The business case on display for storage of renewable electricity in batteries, as price fluctuates between 3-90 Euro/MWh. If we assume a cost of industrial-sized battery storage of 170,000 Euro/MWh and occasional price fluctuations of 87 Euro/MWh, like the ones in the graph, after 1,954 charge-discharge cycles, of 72 hours each, the storage would have earned itself back 3 x 1954 / 365 = 16 years. With industry forecasting a storage price of 50 Euro/kWh in 2030, that earn-back time would be reduced to 575 charge-discharge cycles or less than 5 years, based on the anecdotal data from this graph. Data on a much larger time-scale needs to be analyzed to come up with more reliable earn-back estimates.

[] – Elektriciteitsprijs per 25-27 augustus 2020
[deepresource] – Lithium-ion Storage Price Development

Most Efficient Way to Use Electricity in Mobility

Meaning of this graph is answering the question:

How to get the most kilometres from a given kWh electric energy?


1. put it directly in a car battery
2. turn it into hydrogen and use it in a car with a fuel cell
3. turn it into fossil fuel and drive a conventional petrol car

Clear winner: batteries.

Did batteries just beat hydrogen? Uh, no. Renewable electricity supply remains intermittent and hence needs to be buffered and hydrogen is one of the best seasonal storage options available.

Nevertheless, the graph does illustrate that IF electricity is available, it is best used directly, like for charging car batteries, hydro pumping, producing steel, turn on your washing machine, switch on your freezer for some extra degrees of cold and what not. It’s called demand management. Using renewable electricity directly is almost always preferable over storing it in chemicals. Storage of electricity in hydrogen is an application of last resort.

In the future, the weather forecast will get more interesting than today, because “money is in the air”. Expect the internet-of-things to play a prominent role in taking decisions when to consume electricity automatically.

[] – Cars, battery electric most efficient by far
[] – Internet of things

Netherlands to Double Capacity Electricity Grid in a Decade


…to accommodate for the energy transition.

The Dutch minister of Economic Affairs Wiebes wrote this in a letter to parliament on June 8, 2020:


Zoals eerder aangekondigd heb ik een aantal maatregelen op korte en lange termijn genomen. Met deze maatregelen kan ik verlichting bieden, maar zullen het gebrek aan capaciteit niet structureel kunnen verhelpen. Netuitbreiding en – verzwaring blijft vooralsnog nodig als structurele oplossing. Netbeheerders investeren dan ook fors om de transportcapaciteit uit te breiden.

De transportcapaciteit die we in afgelopen tientallen jaren hebben opgebouwd zal in de komende 10 jaar worden verdubbeld. De regionale netbeheerders verwachten circa 30 miljard euro te gaan investeren tot en met 2030 en TenneT 12 miljard euro op dezelfde termijn. Deze uitbreidingen vergen enkele jaren aan realisatietijd, met name als gevolg van procedures met betrekking tot ruimtelijke inpassing en bijbehorende vergunningsprocedures.

[] – Kamerbrief vervolg toezeggingen gebrek transportcapaciteit elektriciteit
[] – Onshore projects Netherlands
[] – Detailed grid map Netherlands

[source] The Netherlands and Germany can exchange 5 GW of electricity. For the moment it is mostly German wind energy, but that doesn’t need to be the case for all eternity, with the realization of one Dutch offshore wind project after another.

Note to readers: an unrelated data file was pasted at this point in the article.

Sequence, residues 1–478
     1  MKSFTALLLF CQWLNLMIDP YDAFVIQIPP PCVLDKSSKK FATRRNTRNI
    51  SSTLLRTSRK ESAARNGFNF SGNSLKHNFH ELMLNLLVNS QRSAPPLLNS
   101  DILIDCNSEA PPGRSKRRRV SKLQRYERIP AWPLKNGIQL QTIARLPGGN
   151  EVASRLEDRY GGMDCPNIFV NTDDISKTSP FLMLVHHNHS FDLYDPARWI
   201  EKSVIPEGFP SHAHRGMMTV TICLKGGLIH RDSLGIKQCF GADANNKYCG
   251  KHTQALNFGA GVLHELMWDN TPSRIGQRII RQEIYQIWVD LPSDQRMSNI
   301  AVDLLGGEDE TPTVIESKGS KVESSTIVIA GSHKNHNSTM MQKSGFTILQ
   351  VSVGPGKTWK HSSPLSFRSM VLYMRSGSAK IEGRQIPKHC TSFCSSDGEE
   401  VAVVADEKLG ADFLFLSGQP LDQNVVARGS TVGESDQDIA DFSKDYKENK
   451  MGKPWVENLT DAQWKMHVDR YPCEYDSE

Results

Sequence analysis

9-Seater e-Cessna Completes First Test Flight

“Fuel” cost 30 minutes flying: $6,-
A regular schedule will be picked up next year.

Nevertheless, this is flying for the happy few.
For regular mass transportation the only solution seems to be either kerosine-from-air or CO2-compensation via tree planting, via a ticket surcharge.

[] – e-vliegtuig voor 9 passagiers maakt testvlucht van 30 min.

Three Oslo Fjord Ferries are now Electric

Charging takes 8-9 minutes

[Google Maps] – Oslo Fjord

The Netherlands 40% Solar Electricity for a Few Hours

A beautiful Saturday afternoon in April and a corona lock-down suffice to break a new solar electricity record share of 40% in the Netherlands:

[] – Live & historic renewable electricity data The Netherlands

Expect this record of 5 GW to be broken later in the Summer (not the 40%-share after the end of the corona lock-down). Last year, the installed solar capacity in the Netherlands grew with 50%. Similar growth figures are expected for 2021.

[] – Zonnepanelen breken records in zonnig april

The Netherlands consumes on average 13 GW electricity (24/7/365), most from fossil sources. However, browsing back into history a few interesting maximum data points can be recovered:

29-03-2020 13:30 – 7.53 GW
22-03-2020 13:10 – 7.68 GW

Note that these values apply for an hour or so and shows that the renewable energy transition in the Netherlands is still in its early stages. But it can already be predicted that the moment when the entire electricity needs of the Netherlands will be covered for 100% by renewable electricity, isn’t that very far away, probably in a year or 2, when large offshore wind parks come on-line and more solar panels will be installed on Dutch roofs. Other European countries, like Germany, Denmark and Scotland already achieved that milestone earlier.

[] – List of countries by electricity consumption

Electricity consumption per capita in kWh/year (2016):

Country kWh/capita in 2016
Germany 6602
France 6448
Netherlands 6346
Denmark 5720
Spain 4818
UK 4795
Italy 4692

The Netherlands still lags behind in the EU with regards to achieving the EU renewable electricity targets, but will catch up quickly in the coming few years, when several huge offshore wind parks will go in-line.

Researchers Produce (a Little) Electricity out of Thin Air


The system is quite straightforward and consists of a thin film of protein nanowire just seven micrometers (sometimes known as a microns) thick which is positioned between two electrodes and exposed to the air. For reference, a human hair is roughly 75 microns across, depending on the person.

This nanowire film absorbs water vapor present in the atmosphere, thus creating a small electrical charge through the diffusion of protons in the material.

“I found that exposure to atmospheric humidity was essential and that protein nanowires adsorbed water, producing a voltage gradient across the device,” Yao said.

Similar experiments have been conducted previously using nano materials like graphene, but they only produced intermittent, short bursts of electricity, rather than a “continuous voltage output” like the Air Gen system.

Air-Gen reportedly produces a sustained voltage of 0.5 volts at 17 micro amperes per square centimeter; in other words, you’d need multiple Air-Gen devices linked together to charge your smartphone, so don’t throw out those solar panels just yet.

0.5 Volt and 17 micro ampere per centimeter, that would be 0.35 Watt/m2 or 0.5 Watt for a surface like that of 300 Watt standard panels.
Indeed, don’t throw away your solar panels. Useless.


[] – Power generation from ambient humidity using protein nanowires
[] – Geobacter
[] – Researchers produce electricity out of thin air
[] – UMass Amherst Generates Electricity ‘Out of Thin Air’
[] – Forscher erzeugen Strom aus Luftfeuchtigkeit

Power Generation, Electricity Lines and Pumped Hydro-Storage